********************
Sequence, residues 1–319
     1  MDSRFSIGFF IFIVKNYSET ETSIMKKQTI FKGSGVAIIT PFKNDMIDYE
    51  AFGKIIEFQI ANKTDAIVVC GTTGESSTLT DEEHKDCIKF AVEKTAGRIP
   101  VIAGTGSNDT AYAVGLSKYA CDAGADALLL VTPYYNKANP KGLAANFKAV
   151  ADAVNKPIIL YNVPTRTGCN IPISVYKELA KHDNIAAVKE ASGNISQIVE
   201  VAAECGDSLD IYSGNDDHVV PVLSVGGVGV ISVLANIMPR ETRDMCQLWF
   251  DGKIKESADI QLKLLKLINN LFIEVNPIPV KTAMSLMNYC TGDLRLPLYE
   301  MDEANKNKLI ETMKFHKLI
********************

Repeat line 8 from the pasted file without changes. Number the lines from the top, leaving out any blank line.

   301  MDEANKNKLI ETMKFHKLI